Herbert Laslett, “Letters,” The Graduate Magazine, December 1918 Herbert Laslett, “Letters,” The Graduate Magazine, December 1918

Herbert Laslett’s letters in The Graduate Magazine, December 1918.
University Archives. Call Number: LH 1 .K3 G73 1918. Click images to enlarge.

Evadne Laptad was a student in the College of Liberal Arts and Science who graduated from KU in 1908. Evadne worked as a hospital searcher with the American Red Cross’s Hospital and Home Communication Service during the war. A new initiative during World War I, the Hospital and Home Communication Service sent American women to military hospitals in Europe during and after the war. These women relayed information about injured soldiers to their family and friends back home. Her letter appeared in the April 1919 issue of The Graduate Magazine alongside letters from two other female graduates who were serving the war effort overseas.

Photograph of Evadne Laptad in the Jayhawker yearbook, 1908

Evadne Laptad’s senior picture in the Jayhawker yearbook, 1908.
University Archives. Call Number: LD 2697 .J3 1908.

Evadne Laptad, “Letters,” The Graduate Magazine, April 1919 Evadne Laptad, “Letters,” The Graduate Magazine, April 1919

Evadne Laptad’s letters in The Graduate Magazine, April 1919.
University Archives. Call Number: LH 1 .K3 G73 1918. Click images to enlarge.

Emily Beran
Public Services

Happy Birthday, William Inge!

May 3rd, 2017

Pulitzer Prize and Academy Award-winning playwright and screenwriter William Inge (1913-1973) was born on this day in Independence, Kansas, 104 years ago.

Photograph of William Inge, circa 1960

William Inge, circa 1960. University Archives Photos.
Call Number: P/ Inge, William (Photos). Click image to enlarge.

Inge attended the University of Kansas from 1930 to 1935, getting his degree in speech and dramatic arts. While a student, Inge pursued his interest in acting as a member of the KU Dramatics Club. In the fall of 1934 he was in a KU production of Eva the Fifth, the story of a traveling theater troupe.

Photograph of William Inge in "Eva the Fifth,” Fall 1934

William Inge and Virginia Hecker in a scene from Eva the Fifth, Fall 1934.
This photograph appeared in the Topeka Capital Journal, October 19, 1963.
William Inge biographical file. University Archives. Click image to enlarge.

Photograph of William Inge, 1935

Inge was a also member of Sigma Nu while at KU.
This picture of him is from the fraternity’s
group photo in the 1935 Jayhawker yearbook.
University Archives. Call Number: LD 2697 .J3 1935.
Click image to enlarge.

Inge turned his attention to playwriting after leaving KU and was quite successful. His most well-known works are Come Back Little Sheba, Picnic, Bus Stop, Splendor in the Grass, and The Dark at the Top of the Stairs.

Inge came back to KU several times as a guest lecturer, and in 1955 he directed a KU production of what would become Picnic, using an early draft version of the play entitled Summer Brave.

Photograph of the "Summer Brave" cover page, 1961

Cover page of Inge’s “Summer Brave,” 1961.
Call Number: RH MS D70. Click image to enlarge.

Spencer Research Library has a small Inge Collection, and the William Inge Memorial Theatre, housed in Murphy Hall on the KU campus, is named in his honor. The largest collection of Inge materials is housed at Independence Community College, where there is also the William Inge Center for the Arts and an annual William Inge Theater Festival.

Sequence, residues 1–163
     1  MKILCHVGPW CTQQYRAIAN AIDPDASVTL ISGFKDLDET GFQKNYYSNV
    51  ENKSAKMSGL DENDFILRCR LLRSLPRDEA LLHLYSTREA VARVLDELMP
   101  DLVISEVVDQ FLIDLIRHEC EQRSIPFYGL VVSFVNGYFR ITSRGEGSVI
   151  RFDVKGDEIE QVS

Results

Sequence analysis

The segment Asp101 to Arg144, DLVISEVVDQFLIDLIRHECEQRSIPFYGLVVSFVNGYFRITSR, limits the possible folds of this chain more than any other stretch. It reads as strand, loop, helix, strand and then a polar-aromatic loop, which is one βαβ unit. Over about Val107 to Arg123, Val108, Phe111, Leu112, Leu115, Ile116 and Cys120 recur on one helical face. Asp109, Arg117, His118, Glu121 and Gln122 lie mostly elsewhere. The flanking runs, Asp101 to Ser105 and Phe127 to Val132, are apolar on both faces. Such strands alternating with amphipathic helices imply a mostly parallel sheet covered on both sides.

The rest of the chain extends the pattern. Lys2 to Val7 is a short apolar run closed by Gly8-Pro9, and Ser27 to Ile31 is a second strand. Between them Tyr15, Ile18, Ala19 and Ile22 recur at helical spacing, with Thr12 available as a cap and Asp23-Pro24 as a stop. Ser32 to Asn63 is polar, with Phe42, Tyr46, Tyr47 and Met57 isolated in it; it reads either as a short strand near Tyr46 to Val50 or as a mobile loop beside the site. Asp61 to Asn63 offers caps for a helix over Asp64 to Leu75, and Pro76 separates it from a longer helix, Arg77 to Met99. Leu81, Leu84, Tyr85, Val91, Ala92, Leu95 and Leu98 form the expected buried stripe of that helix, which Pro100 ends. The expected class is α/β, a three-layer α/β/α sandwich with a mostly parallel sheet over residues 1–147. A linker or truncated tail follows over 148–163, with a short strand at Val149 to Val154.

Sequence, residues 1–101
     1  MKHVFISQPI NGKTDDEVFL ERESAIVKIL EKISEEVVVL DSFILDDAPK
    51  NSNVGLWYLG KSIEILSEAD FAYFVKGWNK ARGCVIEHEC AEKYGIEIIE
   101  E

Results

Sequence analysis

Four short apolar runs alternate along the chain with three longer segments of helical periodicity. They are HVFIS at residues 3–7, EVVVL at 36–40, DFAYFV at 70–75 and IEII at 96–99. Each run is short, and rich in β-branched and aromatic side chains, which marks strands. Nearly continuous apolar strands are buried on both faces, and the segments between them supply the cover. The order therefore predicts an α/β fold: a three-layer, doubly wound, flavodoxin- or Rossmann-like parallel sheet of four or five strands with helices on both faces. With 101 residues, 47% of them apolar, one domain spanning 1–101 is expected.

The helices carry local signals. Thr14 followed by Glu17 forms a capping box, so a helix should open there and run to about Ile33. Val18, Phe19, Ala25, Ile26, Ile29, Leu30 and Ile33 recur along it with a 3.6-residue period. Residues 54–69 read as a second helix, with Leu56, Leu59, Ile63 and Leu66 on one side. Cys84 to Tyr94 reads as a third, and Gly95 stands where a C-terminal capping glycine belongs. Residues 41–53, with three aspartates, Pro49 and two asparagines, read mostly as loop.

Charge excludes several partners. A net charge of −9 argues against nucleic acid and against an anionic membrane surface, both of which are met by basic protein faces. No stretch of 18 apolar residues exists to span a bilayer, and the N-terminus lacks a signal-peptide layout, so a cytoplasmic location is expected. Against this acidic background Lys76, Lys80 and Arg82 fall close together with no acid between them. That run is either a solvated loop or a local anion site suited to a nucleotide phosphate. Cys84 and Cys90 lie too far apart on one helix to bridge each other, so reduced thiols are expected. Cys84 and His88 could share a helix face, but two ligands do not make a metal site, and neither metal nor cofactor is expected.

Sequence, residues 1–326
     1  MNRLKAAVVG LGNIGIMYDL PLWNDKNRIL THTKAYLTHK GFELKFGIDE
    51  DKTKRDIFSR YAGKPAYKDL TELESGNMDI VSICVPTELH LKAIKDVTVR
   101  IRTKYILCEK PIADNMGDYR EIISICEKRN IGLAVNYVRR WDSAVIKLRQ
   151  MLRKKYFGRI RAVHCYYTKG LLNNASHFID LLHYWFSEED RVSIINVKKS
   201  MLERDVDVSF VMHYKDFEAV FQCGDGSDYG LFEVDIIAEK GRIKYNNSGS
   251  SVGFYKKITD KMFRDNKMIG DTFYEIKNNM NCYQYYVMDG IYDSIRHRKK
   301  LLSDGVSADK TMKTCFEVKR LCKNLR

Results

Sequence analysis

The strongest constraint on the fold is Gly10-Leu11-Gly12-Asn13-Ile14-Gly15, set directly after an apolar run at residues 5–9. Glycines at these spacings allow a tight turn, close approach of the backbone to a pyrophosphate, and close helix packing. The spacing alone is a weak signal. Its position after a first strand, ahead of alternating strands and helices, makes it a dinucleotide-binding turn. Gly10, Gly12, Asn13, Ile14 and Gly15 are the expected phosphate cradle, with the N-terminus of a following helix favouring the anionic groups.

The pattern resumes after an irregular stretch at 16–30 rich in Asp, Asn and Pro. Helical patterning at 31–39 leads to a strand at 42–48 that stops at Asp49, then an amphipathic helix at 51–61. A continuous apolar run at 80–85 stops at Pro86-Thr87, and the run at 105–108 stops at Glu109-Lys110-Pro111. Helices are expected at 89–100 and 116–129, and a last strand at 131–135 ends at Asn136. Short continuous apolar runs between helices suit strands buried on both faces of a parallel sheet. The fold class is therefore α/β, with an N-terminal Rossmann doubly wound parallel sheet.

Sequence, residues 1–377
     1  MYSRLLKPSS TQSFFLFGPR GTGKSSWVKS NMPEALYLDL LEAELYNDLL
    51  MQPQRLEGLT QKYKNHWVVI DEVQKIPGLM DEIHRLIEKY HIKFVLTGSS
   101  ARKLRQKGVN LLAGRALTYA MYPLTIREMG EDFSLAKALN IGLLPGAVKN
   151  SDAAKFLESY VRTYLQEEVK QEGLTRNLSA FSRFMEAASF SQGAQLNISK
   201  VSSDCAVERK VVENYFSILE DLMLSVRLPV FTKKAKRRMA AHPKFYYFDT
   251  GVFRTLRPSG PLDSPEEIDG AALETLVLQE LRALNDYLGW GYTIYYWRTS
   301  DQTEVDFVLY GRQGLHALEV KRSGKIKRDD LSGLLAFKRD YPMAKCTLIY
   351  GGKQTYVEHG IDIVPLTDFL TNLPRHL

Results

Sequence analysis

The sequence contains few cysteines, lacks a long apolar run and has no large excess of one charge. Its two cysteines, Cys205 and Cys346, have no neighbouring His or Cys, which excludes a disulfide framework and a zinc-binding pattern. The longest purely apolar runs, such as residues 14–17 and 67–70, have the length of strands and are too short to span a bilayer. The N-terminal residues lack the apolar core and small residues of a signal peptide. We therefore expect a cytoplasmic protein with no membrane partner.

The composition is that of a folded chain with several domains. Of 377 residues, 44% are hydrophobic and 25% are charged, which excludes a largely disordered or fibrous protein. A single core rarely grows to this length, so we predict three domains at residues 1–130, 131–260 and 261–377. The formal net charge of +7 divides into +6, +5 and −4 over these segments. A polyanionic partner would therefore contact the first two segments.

Kathy Lafferty
Public Services

Academics for the War Effort: KU Faculty and Their Service

March 20th, 2017

Members of the University of Kansas’s faculty involved themselves in the World War I war effort in a multitude of ways, including military and government service. By 1918, thirty-one members of the faculty were actively engaged in some type of war work. Here are some highlights of their efforts from the University Archives.

School of Engineering

Dean Perley F. Walker left his position and joined the Army when the United States entered the war. He entered the service as Major, but shortly thereafter was promoted to Lieutenant Colonel.

Photograph of Perley Walker in the Jayhawker yearbook, 1918

Perley Walker in the Jayhawker yearbook, 1918. University Archives.
Call Number: LD 2697 .J3 1918. Click image to enlarge.

Department of Physical Education

Several members of the Physical Education staff joined the Armed Forces during WWI, including coaches George Clark, Leon McCarty, and Herman Olcott. In addition to those faculty members who enlisted, the Department of Physical Education also saw Dr. James Naismith leave to work with the Y.M.C.A. in France.

Photograph of Herman Olcott in the Jayhawker yearbook, 1918

Herman Olcott in the Jayhawker yearbook, 1918.
University Archives. Call Number: LD 2697 .J3 1918.
Click image to enlarge.

Photograph of James Naismith in the Jayhawker yearbook, 1918

James Naismith in the Jayhawker yearbook, 1918.
University Archives. Call Number: LD 2697 .J3 1918.
Click image to enlarge.

College of Liberal Arts and Sciences

Military service was not the only thing that pulled faculty away from the University of Kansas. Dean Olin Templin took a temporary leave to organize and supervise the War League of American Colleges – an idea originated by Dean Templin. The goal of the organization was to educate college students across the country about the significance of the war and to prepare them for the future changes that would impact them as a result of the conflict.

Photograph of Olin Templin in the Jayhawker yearbook, 1918

Olin Templin in the Jayhawker yearbook, 1918. University Archives.
Call Number: LD 2697 .J3 1918. Click image to enlarge.

For additional information regarding the University of Kansas during World War I, please visit Spencer Research Library and explore our University Archives collections – including items such as issues of the Graduate Magazine, Jayhawker yearbooks, and ROTC records!

Emily Beran
Library Assistant
Public Services